• Disassembled my Atwood water heater – looking for the type of heater element used so I might be able to find a 12V replacement element.  My plan is to have a power diverter for the excess generated by the solar & wind so that power will provide hot water while underway.  Normally, we’d only have hot water if the engine is running or we’re connected to shore power, but in the colder waters outside the tropics, it would be nice to have a bit more hot water!  Also, wind generators need a place to “dump” power.
  • Checked and ran the main engine – so far, I’ve put about 10 hours on the engine since the rebuild.  I want to have a few more hours before leaving Hawaii, but also wanted to check on systems and small leaks: fuel injector cap needed re-torquing, main heat exchanger drips salt water (always a hassle to reseal them perfectly!).img-20160331-wa0000.jpeg
  • Gathered parts left on the boat for HRPT receiver – I’m hoping to build a weather satellite image receiver in my spare time and have almost all the parts (some on the boat and some in Vancouver), so during this trip I collected the remaining parts I need that were on the boat.
  • Installed a remote valve operator for my propane system – I’ve thrown away enough corroded propane solenoids!  At US$80/solenoid, I’m ready to try something new.  I found a ball-valve arm actuator that can use the same wiring I had for my solenoid, so I bought and installed a new valve and mounted the controller. We can again turn the propane on and off from the galley!
  • Spent another few hours drilling lock-down holes in the radar arch. One might think that aluminum would be easy to drill and tap, but I’ve spent many hours over the last 18 years and have only managed a 4mm hole depth!  I was told when I bought the arch parts that the machined fittings had been cryogenically hardened, but I didn’t realize it would mean that I couldn’t easily alter them!  This trip I increased the 3mm hole by another 1mm.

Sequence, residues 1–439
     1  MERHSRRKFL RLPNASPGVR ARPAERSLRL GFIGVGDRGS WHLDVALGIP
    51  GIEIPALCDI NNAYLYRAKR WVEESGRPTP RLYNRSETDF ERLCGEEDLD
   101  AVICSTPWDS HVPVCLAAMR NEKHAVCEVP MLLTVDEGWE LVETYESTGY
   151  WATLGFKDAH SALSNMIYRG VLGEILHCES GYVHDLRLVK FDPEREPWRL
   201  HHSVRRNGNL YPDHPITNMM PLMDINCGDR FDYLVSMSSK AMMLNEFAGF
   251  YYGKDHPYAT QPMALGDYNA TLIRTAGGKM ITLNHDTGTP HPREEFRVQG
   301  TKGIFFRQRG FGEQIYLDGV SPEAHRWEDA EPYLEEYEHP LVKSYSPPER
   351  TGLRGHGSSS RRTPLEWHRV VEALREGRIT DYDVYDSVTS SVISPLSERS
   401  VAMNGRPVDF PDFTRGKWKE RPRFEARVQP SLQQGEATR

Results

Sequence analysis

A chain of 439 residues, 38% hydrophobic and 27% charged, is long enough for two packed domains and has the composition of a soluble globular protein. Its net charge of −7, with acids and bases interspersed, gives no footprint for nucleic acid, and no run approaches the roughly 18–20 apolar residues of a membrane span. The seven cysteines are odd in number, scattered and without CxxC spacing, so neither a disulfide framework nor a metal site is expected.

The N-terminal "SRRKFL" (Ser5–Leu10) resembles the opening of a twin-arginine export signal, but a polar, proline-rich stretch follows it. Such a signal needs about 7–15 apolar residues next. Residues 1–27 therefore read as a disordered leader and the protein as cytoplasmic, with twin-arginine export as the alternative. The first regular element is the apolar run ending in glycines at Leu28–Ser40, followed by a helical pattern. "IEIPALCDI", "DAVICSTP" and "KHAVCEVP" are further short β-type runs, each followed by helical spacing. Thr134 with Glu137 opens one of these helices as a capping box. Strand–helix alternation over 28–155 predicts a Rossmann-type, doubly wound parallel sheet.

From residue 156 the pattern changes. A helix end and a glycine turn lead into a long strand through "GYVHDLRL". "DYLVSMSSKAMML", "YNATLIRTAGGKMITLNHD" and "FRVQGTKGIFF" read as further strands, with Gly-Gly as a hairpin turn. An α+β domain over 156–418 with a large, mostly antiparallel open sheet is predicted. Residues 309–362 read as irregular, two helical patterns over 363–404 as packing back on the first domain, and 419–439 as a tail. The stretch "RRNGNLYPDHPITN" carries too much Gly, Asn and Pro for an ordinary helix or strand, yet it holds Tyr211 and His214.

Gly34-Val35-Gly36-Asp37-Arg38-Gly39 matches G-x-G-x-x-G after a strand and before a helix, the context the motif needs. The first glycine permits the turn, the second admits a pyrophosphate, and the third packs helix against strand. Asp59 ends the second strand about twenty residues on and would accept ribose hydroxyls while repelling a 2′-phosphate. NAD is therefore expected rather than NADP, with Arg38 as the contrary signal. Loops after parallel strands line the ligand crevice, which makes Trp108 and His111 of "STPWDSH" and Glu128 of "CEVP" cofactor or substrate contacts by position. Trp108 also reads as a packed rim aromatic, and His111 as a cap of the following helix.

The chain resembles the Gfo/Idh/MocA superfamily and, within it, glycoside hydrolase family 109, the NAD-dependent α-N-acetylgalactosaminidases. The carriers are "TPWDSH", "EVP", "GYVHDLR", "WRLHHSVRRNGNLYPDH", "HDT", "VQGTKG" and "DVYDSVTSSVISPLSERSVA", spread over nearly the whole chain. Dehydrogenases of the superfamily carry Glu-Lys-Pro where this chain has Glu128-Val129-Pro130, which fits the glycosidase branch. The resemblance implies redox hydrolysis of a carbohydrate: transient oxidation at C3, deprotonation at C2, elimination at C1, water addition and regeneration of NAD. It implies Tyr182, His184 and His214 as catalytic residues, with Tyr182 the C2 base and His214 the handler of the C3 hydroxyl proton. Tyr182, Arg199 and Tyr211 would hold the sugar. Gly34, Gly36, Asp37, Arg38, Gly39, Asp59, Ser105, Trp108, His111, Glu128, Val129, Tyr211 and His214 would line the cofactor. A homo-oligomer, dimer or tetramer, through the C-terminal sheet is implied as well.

• Scraped the hull growth down a notch – I didn’t go into the water, but cleaned everywhere I could reach.  Most of the growth is on the first 20cm from the waterline.

Those are the main projects that I worked on during this trip. Of course there’s always the day-to-day stuff too, and every time we visit the first day is usually about prepping the boat to live on (getting shade structure up, filling water tank, a bit of cleaning) and the final day is about getting ready to leave (airing out futons, washing sheets, cleaning thoroughly, etc.) I hoped – as always – to accomplish more, but the galley faucet debacle took up much more time than planned! Luckily, though, the boat was pretty clean and mold free, and, better still, free of infestations – Sara got rid of all the infested grains on our last trip in Nov 2015 and did a thorough galley and storage clean – so I didn’t have to do any major cleaning jobs below deck.  Many thanks again to the Full Monty crew (check out their sailing blog) for trips to hardware stores, yummy dinners and great conversation. Next time I arrive at the harbour (in about six weeks) they may have already set sail north, and hopefully we won’t be far behind them….